At T-38 minutes, the Launch Director gave a go for propellant loading. At T-35 minutes, SpaceX began loading sub-cooled RP-1 kerosene onto both the first stage and the second stage as well as super-chilled LOX (liquid oxygen) onto the first stage.
SpaceX, unlike other launch providers, uses RP-1 which is cooled to -7 degrees Celsius along with LOX that is cooled to -205 degrees Celsius. Using supercooled propellants increases the performance of Falcon 9 by densifying the fluids, packing more energy into a smaller space. This is beneficial for reuse, since the first stage must reserve some energy for landing.
Just before T-20 minutes, the second stage RP-1 load was completed, which was marked by a large vent from the T/E (Transporter Erector). This vent indicates the purging of the T/E lines ahead of the start of LOX load onto the second stage at T-16 minutes.
At T-7 minutes, the Falcon 9 allowed a small amount of liquid oxygen to enter the nine Merlin 1D engines on the first stage. This process cools the engines slowly so they do not get damaged from thermal shock when super chilled LOX starts to flow through them at full volume during engine start.
At T-1 minute, the Falcon 9 entered start up and began pressurizing its tanks for flight. At this point, Falcon 9’s onboard computers assume full control of the countdown, and any technical aborts from this point forward would have been handled autonomously and not by the ground operators.
At T-45 seconds, the Launch Director verified that all positions were go for launch. At T-3 seconds, the F9’s flight computer commanded the ignition of the nine Merlin 1D engines on the first stage. The ignition happens in pairs, within milliseconds of each other to reduce startup transients and loads on the vehicle.
Once the computers ensure all systems are working nominally, they command the hydraulic clamps at the base of the vehicle to release, letting the Falcon 9 lift off from the pad.
B1060 fired its engines for approximately two and a half minutes before shutting down, once again in a staggered formation to reduce loads on the vehicle.
The first stage separated from the second stage using pneumatic pushers, followed by ignition of the second stage’s single vacuum optimized Merlin engine seconds later. Meanwhile, after coasting up to its apogee and then beginning its descent, B1060 performed two burns to softly touch down on Just Read the Instructions.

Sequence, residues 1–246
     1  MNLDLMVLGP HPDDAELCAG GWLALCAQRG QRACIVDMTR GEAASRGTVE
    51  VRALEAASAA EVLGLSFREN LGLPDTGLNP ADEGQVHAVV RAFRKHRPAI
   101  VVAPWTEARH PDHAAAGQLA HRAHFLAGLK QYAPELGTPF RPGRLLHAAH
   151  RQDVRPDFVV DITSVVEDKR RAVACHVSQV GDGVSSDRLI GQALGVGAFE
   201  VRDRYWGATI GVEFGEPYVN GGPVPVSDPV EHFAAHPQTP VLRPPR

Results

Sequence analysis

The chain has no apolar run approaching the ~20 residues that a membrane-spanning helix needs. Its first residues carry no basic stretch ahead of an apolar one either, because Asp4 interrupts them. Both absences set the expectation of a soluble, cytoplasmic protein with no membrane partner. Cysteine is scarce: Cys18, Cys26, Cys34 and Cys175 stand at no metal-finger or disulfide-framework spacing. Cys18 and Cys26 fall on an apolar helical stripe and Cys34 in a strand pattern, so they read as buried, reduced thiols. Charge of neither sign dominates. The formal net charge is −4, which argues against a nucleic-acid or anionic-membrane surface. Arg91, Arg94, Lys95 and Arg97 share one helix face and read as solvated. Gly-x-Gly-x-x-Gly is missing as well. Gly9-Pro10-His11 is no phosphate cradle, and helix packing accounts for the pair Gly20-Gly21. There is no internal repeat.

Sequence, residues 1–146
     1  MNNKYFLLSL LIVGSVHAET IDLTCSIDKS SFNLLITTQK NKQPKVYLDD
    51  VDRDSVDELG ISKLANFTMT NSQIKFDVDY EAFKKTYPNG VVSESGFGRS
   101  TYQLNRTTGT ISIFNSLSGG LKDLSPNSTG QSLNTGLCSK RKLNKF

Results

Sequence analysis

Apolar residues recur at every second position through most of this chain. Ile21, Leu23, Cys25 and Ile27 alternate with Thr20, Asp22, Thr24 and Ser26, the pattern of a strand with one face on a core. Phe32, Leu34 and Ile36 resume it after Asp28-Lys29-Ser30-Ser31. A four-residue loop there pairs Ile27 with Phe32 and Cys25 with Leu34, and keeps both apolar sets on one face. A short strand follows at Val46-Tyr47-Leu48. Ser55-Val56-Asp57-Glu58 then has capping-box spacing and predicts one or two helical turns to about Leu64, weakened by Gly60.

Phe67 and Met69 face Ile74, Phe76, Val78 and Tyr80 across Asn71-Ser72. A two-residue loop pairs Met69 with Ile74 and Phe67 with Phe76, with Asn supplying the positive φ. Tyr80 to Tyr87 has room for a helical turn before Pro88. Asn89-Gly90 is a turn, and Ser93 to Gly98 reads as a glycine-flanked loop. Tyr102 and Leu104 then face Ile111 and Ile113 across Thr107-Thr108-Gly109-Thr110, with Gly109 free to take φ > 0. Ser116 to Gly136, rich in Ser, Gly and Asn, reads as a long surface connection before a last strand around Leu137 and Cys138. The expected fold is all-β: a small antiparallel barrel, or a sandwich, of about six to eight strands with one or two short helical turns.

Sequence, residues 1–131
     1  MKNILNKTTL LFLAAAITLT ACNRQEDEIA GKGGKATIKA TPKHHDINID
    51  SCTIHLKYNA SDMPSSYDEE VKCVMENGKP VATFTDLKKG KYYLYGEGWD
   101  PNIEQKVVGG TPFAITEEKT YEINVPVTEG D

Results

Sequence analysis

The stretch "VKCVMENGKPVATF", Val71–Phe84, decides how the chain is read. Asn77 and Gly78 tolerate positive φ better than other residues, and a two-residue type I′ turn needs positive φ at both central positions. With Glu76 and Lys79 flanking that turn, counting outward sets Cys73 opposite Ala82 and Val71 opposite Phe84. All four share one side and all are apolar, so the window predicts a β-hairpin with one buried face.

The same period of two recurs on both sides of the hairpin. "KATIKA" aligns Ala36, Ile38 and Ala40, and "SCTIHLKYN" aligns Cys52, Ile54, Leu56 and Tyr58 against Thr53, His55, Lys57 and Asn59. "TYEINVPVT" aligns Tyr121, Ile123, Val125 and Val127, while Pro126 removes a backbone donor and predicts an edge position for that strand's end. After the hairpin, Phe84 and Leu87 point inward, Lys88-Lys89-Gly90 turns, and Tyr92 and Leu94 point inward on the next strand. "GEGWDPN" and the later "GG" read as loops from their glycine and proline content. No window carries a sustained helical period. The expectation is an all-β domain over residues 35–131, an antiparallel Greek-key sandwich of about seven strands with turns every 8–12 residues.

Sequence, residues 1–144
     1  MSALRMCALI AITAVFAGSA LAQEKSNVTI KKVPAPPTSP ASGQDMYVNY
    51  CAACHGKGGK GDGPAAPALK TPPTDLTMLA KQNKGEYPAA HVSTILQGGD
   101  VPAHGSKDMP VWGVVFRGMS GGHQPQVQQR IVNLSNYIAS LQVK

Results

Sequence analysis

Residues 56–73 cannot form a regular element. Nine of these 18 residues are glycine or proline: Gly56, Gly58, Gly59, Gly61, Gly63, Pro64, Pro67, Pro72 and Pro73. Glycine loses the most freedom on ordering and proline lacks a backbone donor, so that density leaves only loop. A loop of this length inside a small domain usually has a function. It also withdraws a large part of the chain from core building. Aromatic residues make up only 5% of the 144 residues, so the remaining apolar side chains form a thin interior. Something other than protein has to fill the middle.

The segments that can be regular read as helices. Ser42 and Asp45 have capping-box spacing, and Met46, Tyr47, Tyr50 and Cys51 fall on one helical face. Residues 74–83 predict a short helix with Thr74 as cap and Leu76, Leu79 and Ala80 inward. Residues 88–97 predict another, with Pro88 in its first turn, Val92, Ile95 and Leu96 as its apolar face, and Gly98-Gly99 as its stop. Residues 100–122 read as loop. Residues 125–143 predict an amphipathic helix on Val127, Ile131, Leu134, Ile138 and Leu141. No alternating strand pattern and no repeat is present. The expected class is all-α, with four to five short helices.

Bob made a divert overnight from the LZ to Nassau in the Bahamas.
Now heading back to the LZ but won't make it before the launch.
Assuming JRTI is ready as launch appears to go. Wonder if they will have problems recovering the fairing as the ship won't arrive for hours after. pic.twitter.com/xh4lH3ahvC
— Gav Cornwell 🚢🚀 (@SpaceOffshore) March 3, 2022
The second stage, meanwhile, continued to burn toward orbit. At around two minutes and 47 seconds after launch, the vehicle commanded the latches connecting the fairing halves to release. The fairing halves will then use their onboard RCS thrusters to reenter into the Earth’s atmosphere before softly splashing down in the Atlantic. They were planned to be recovered by Bob, although the vessel did make a detour to Nassau in the Bahamas which means recovery may be delayed or scrubbed for this mission.
About eight minutes and 46 seconds after launch, the second stage shut down its Merlin Vacuum engine, beginning an approximately 48-minute coast phase. At T+56 minutes, the second stage re-ignited for just a second to circularize its orbit. From this point, the vehicle used its RCS thrusters to start rotating around its x-axis.
At T+65 minutes 47 seconds, the vehicle commanded the deployment of the tension rods used to keep the stack of Starlink satellites together, and the satellites slowly drifted away from the second stage.
Shortly after, the second stage performs a deorbit burn and destructively reenters Earth’s atmosphere, leaving only the tension rods as debris objects which will naturally decay. The Starlink satellites will, meanwhile, begin maneuvering toward their operational orbits.
(Falcon 9 lifts off from LC-39A on the Starlink Group 4-9 mission. Credit: Stephen Marr for NSF)